K-State celebrates legacy of Myra Gordon, retiring associate provost for diversity 

K-State Alumni Communications and K-State Communications and Marketing

Myra Gordon, Kansas State University’s associate provost for diversity, is retiring at the end of the fall 2015 semester. (Photo: David Mayes '96)

Adinkrahene is known as the West African symbol of greatness and charisma and signifies the importance of playing a leadership role. It’s an appropriate symbol for Myra Gordon, Kansas State University’s associate provost for diversity, who has guided the university in strengthening its international and multicultural outreach. 

Gordon has announced her retirement at the end of the fall 2015 semester. To honor her contributions, the K-State Alumni Association hosted Adinkrahene: A Celebration of the Leadership of Dr. Myra E. Gordon in conjunction with the 2015 Black Alumni/Greek Reunion in November. The program included a video reflection, alumni and student remarks and a presentation of gifts. 

"Dr. Gordon will leave a lasting legacy at K-State," President Kirk Schulz said. "Her leadership has resulted in significant progress and the most diverse student body ever for the university. We greatly appreciate her tireless efforts."

Gordon, who joined Kansas State University in 2002, has led the university's award-winning recruitment and retention programs that target multicultural students, faculty and staff, as well as collaborative efforts with colleges, departments and units, external constituency groups and national organizations focused on enhancing diversity. Gordon also served as chair of the President's Commission on Multicultural Affairs as well as adviser to the Black Student Union. Her campus leadership has been visible in many forms.

Successful diversity initiatives have included Project IMPACT, which is a best-practice pipeline of programs to recruit, graduate and place record numbers of multicultural students in agriculture, business and engineering fields; Diversity Summits and MLK Observances, which bring all campus groups together to grow in cultural competence and to celebrate cultural diversity; and Well-Made Leadership Programs, which target first-generation multicultural students in the eight most challenged counties in Kansas.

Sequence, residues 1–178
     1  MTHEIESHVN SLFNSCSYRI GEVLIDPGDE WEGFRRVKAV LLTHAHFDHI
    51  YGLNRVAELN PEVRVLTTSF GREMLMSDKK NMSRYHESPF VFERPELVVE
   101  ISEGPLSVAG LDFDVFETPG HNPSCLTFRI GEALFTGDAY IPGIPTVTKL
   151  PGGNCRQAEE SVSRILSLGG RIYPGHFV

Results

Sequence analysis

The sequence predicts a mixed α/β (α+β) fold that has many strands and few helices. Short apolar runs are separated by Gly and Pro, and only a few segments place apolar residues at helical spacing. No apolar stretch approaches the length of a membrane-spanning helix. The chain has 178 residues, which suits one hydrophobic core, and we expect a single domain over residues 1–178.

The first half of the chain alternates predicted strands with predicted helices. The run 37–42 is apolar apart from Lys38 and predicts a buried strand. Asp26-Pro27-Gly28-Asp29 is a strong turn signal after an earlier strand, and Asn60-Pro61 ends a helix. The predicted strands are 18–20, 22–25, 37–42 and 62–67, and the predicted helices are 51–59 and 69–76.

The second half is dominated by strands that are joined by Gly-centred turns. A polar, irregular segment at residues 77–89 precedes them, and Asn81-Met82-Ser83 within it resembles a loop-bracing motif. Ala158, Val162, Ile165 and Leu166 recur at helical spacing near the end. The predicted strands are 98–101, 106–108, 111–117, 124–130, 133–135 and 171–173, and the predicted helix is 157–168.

The K-State Alumni Association hosted Adinkrahene: A Celebration of the Leadership of Dr. Myra E. Gordon as part of the 2015 Black Alumni/Greek Reunion in November. (Photo: David Mayes '96)
K-State was recognized last year with three national awards for commitment to diversity and inclusion. These awards included the Insight into Diversity Inc. HEED award presented annually to U.S. colleges and institutions based on the excellence of initiatives addressing all aspects of diversity. K-State also received the award in 2015. 

While Gordon’s absence will certainly be felt at K-State, university officials plan to continue her legacy of celebrating and promoting diversity on campus.

"Diversity is essential to education and is something we will continue to fully embrace at K-State," Provost and Senior Vice President April Mason said. "It also is a crucial component of our 2025 strategic plan, and this leadership position is important to ensuring continued progress."

Sponsors for “Adinkrahene: A Celebration of the Leadership of Dr. Myra E. Gordon” were the K-State Alumni Association, Multicultural Alumni Council and K-State Black Student Union. Black Alumni/Greek Reunion sponsors were the K-State Alumni Association, Multicultural Alumni Council and K-State Office of Diversity. View more photos of the Adinkrahene celebration and the Black Alumni/Greek Reunion
 

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